A team of the United States electrical engineers has designed a tool that effectively mimics human mind synapses-a possible breakthrough in the field of "neuromorphic computing."

Brain
(Photo : Pixabay)

For the first time, the component, called a neuromorphic memristor, proved to hold signals among neurons by using a low power device - a significant challenge in prior studies, researchers stated.

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A complicated concept

Neuromorphic computing, according to Intel, is a complex concept of operating the biological mind in helping computer systems and artificial intelligence deal with "uncertainty, ambiguity, and contradiction in the natural world."

"The key challenges in neuromorphic research are matching a human's flexibility and ability to learn from unstructured stimuli with the energy efficiency of the human brain," Intel notes.

Engineers from the University of Massachusetts Amherst now suggested that "protein nanowires" from Geobacter could solve the mystery of replicating low power range brain uses to send signals.

Researchers said that while conventional computers operate at over one volt, the mind spews indicators between neurons at around eighty millivolts-which is lower.

The project, which has been posted in Nature Communications, featured the creation of a new type of memristor that makes use of such protein nanowires to attain similar "neurological voltages."

In a statement, research co-author Jun Yao said a device can function at the same voltage level as the brain is made for the first time.

Yao said people probably didn't even dare to believe having a device that is as power-efficient as the biological counterparts in a brain. 

"Now we have [a real] evidence of ultra-low-power computing capabilities," Yao said. The device, according to Yao, is a conceptual breakthrough.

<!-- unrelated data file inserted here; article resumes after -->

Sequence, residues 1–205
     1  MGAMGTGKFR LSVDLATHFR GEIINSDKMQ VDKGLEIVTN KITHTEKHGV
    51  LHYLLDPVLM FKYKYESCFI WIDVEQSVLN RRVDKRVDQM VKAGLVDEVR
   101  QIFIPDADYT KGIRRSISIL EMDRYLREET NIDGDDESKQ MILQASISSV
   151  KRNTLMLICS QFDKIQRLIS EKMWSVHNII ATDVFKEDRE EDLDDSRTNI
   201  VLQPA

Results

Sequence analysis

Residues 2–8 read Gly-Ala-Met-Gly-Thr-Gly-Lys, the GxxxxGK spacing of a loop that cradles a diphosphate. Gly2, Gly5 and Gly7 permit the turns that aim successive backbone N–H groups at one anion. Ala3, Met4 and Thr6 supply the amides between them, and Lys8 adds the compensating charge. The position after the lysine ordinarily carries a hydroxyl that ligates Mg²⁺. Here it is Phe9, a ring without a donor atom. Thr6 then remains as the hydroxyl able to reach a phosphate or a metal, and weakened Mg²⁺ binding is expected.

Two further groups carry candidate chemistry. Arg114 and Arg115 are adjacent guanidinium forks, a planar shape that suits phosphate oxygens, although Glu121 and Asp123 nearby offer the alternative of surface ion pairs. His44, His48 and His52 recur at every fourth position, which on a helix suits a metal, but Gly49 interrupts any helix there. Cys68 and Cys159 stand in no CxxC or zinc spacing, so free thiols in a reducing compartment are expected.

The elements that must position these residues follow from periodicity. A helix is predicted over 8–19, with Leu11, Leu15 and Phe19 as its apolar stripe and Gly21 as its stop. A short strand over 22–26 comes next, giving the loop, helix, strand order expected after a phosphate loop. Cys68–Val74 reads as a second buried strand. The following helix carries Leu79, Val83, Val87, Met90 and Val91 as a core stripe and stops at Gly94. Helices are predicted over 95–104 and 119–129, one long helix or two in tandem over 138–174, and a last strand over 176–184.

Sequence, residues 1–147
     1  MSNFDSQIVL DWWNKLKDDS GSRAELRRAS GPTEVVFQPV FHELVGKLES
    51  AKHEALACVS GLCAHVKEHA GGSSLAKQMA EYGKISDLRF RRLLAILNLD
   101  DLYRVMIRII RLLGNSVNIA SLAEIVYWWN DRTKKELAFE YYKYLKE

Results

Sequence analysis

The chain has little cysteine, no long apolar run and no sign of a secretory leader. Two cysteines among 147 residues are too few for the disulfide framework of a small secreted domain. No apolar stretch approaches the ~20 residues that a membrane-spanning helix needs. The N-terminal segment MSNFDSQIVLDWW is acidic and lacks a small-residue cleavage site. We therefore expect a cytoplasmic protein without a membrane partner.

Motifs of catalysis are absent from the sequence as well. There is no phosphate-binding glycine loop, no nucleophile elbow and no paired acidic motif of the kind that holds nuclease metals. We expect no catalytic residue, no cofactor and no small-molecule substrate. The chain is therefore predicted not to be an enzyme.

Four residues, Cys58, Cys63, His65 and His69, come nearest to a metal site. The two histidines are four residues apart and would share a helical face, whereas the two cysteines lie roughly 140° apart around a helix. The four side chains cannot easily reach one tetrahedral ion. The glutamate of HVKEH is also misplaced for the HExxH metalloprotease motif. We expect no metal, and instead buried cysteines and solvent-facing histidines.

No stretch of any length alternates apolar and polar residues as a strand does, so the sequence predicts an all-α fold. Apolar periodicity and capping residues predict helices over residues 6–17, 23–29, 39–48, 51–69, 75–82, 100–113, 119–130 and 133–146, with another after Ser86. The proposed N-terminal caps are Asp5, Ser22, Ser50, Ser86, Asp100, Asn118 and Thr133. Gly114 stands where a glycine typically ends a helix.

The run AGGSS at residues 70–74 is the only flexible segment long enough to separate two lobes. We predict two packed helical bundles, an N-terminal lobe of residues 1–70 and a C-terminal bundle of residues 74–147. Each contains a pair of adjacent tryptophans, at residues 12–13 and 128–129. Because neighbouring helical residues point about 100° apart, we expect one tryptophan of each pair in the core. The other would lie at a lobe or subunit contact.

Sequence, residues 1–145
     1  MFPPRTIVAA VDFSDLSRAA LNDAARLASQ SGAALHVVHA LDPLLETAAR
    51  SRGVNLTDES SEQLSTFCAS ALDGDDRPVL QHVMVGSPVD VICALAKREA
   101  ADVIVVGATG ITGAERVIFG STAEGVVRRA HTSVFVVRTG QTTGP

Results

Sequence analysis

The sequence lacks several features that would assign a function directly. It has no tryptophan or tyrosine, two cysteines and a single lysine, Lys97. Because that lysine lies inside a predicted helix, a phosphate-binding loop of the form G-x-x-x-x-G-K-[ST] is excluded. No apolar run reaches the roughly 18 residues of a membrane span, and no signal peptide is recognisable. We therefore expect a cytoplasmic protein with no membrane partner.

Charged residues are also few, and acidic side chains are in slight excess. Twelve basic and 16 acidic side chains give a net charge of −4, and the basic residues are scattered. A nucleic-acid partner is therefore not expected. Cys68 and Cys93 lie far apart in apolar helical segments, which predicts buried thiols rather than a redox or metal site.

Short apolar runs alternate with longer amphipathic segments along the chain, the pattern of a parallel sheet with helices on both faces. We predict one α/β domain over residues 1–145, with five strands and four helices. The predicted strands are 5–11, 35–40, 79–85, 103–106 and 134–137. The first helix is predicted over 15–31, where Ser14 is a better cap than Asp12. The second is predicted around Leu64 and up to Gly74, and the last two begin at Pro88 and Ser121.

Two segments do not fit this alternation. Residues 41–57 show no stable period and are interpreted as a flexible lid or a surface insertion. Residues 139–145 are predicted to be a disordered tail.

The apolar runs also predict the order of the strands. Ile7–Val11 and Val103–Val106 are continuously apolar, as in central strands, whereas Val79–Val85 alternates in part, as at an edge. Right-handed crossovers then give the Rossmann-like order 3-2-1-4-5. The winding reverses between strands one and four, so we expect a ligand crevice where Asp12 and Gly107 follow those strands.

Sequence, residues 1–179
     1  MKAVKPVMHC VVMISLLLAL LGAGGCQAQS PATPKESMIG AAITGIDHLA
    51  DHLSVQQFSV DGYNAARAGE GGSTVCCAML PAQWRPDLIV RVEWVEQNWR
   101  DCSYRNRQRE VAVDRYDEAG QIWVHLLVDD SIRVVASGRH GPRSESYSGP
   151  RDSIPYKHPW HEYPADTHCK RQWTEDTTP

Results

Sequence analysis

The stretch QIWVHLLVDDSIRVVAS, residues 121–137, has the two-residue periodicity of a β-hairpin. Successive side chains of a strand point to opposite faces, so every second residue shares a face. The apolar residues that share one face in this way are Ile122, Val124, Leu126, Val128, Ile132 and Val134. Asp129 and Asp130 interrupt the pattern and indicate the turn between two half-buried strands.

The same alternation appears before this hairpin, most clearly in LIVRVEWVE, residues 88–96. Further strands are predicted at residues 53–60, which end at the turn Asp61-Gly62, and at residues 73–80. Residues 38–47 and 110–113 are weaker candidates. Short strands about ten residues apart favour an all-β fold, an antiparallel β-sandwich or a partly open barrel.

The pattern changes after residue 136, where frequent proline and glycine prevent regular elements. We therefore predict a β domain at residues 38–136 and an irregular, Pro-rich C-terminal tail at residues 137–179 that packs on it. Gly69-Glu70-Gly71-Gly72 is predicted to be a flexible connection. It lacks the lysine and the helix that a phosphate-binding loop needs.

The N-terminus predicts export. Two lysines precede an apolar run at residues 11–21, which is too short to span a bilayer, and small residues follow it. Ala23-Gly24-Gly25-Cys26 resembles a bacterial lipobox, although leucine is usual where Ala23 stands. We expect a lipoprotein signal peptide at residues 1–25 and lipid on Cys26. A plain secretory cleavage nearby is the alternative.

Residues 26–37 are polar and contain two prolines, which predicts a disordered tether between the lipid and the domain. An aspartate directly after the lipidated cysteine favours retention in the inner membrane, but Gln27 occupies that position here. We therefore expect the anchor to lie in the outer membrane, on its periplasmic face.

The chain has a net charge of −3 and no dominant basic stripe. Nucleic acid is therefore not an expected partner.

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An unconventional device with promising results

The paper, posted April 20, describes how the memristive gadgets have become "promising candidates to emulate biological computing."

Tianda Fu, the study lead author, said tiny protein wires had been developed at UMass Amherst by microbiologist and co-author Derek Lovley.

The researchers said protein nanowires in Geobacter are suited to the experience as they are electrically conductive.

Researchers, according to Fu, discovered that sending energy pulses through memristor's metal threat created new connections similar to learning in the human mind.

"You can modulate the conductivity, or the plasticity of the nanowire-memristor synapse so it can emulate biological components for brain-inspired computing," Fu said.

Compared to a conventional computer, the researcher said this device has a learning capability that is not software-based.

The device, according to researchers, seeks to "fully explore biological, chemical, and electronic [parts] of protein nanowires in memristors" and how it could have real-world applications.

Yao told Newsweek they 'borrowed' tiny wires from a bacteria responsible for the electrochemical reduction. He added they successfully made a protein-type memristor that works.

The researchers can now make computers as power-efficient as the biological brain. Yao said the innovation will break the conventional concept that electronics need to work at higher power, followed by a broader search of computational devices that works at biological voltage.

The research, according to Yao, blurs the boundaries between electronics and the biological system. "That can lead to advanced brain-machine interface and prosthetics, in which the human body can have a more intimate interface or communication with engineered robots/devices," he said.

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